But I liked seeing toddlers through the window getting haircuts. Every block should have something that makes you smile. I'll miss that.

Essentials, at Broadway and 81st, closed over a year ago, but the construction fence is now up and the windows are boarded up, so I suspect the last traces of the store will be erased any day.

Before it was Essentials it was Shakespeare & Company, an indie bookstore that closed in 1996, two years before we moved to the neighborhood...victim of the then-new Barnes & Noble down the block.

Essentials was never a great store. But we remember it as the place where Samuel spent rainy afternoons playing with the Thomas the Tank Engine table set on the second floor--and riding the coin-operated Ernie & Bert fire engine and Dino rides out front. Here's a shot of a dilapidated Dino (and dilapidated awning) from a 2009 Google Street View. Like I said, it was never a great store.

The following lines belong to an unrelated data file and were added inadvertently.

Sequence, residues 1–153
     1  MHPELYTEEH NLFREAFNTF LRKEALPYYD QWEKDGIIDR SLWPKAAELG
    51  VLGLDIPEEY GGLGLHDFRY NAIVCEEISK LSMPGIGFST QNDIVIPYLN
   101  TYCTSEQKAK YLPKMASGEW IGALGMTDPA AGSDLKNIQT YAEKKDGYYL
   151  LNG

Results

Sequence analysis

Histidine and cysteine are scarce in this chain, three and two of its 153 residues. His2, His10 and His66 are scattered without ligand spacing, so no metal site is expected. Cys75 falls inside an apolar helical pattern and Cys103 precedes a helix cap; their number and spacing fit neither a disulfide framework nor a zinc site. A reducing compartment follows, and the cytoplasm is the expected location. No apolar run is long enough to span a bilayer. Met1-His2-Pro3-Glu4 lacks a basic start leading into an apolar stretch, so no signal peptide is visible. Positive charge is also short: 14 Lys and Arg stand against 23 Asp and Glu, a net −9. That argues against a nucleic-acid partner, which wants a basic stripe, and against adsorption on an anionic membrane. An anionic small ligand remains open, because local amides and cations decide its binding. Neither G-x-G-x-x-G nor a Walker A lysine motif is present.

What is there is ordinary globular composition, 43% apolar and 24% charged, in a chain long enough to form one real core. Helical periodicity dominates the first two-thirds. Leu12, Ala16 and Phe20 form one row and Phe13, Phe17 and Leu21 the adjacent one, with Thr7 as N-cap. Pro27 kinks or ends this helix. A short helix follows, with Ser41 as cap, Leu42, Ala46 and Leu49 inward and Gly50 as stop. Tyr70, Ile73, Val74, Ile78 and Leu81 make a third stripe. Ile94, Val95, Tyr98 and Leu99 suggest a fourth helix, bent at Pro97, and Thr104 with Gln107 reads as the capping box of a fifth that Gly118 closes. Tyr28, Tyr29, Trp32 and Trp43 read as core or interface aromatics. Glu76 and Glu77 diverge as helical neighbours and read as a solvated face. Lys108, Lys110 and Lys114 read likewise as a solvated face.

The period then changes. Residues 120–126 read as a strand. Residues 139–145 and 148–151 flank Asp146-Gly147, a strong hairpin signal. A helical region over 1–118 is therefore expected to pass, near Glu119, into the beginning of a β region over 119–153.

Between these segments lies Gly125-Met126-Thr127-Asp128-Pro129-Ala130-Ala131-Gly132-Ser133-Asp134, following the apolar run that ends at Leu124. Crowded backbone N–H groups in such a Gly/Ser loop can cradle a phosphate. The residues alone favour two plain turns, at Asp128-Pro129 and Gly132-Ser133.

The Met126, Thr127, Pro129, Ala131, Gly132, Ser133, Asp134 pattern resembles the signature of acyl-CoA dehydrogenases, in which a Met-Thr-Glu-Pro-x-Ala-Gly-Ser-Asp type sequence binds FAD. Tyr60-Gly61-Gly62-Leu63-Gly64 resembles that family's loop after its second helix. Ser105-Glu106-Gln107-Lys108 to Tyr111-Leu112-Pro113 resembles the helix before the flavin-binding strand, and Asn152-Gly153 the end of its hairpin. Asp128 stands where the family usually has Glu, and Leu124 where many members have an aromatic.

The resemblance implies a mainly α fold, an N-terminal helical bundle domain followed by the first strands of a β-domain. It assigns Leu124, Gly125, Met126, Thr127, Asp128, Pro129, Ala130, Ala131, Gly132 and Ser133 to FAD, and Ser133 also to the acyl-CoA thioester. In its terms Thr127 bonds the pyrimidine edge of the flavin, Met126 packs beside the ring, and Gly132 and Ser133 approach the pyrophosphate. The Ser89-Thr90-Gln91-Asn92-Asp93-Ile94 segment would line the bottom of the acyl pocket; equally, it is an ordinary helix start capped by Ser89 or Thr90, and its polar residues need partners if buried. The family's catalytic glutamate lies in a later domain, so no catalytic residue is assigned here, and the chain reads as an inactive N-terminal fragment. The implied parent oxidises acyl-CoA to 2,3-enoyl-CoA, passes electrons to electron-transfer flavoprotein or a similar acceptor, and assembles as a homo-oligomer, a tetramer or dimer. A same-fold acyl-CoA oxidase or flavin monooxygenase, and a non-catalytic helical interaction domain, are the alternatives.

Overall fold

But I miss anything that reminds me of my little Samuel.

Let's end on a high note: Orwashers Bakery is the newest member of the neighborhood, a few doors south of Cozy's.

Weird how the world keeps changing and I'm not in control of it.

Sunday, February 5, 2017

I saw a little girl today wearing a tiara

Grown-ups are really just like little kids, you know? Everyone wants to be a king or a queen or a princess. We just learn to be more subtle about it.

Friday, February 3, 2017

The latest

Ethan performed an acapella solo at his high school "coffee house" last night. He didn't want us to attend, but we promised we would pretend not to know him and vice-versa.

He was one of maybe two acts that hit all the notes. Not trying to be a competitive parent or anything. Just saying.

There's a giant rotating cube sculpture in the middle of Astor Place that all drunk NYU students push. I think I first pushed it in 1982. Happy to report that Jen is no longer an Astor Place cube virgin.

Our apartment building's front door was finally refinished after two years of my monthly complaining to the board. (And I'm even on the board.) See? Was that so damn hard? Our entrance no longer looks like an unfinished Home Depot project. Nicest front door on the block.

I got an unexpected check in the mail. My first picture book, "How About a Kiss for Me?," which is no longer even in print, was licensed to Scholastic. 

Jen and I have not had a romantic vacation since 1997. The money is going toward that.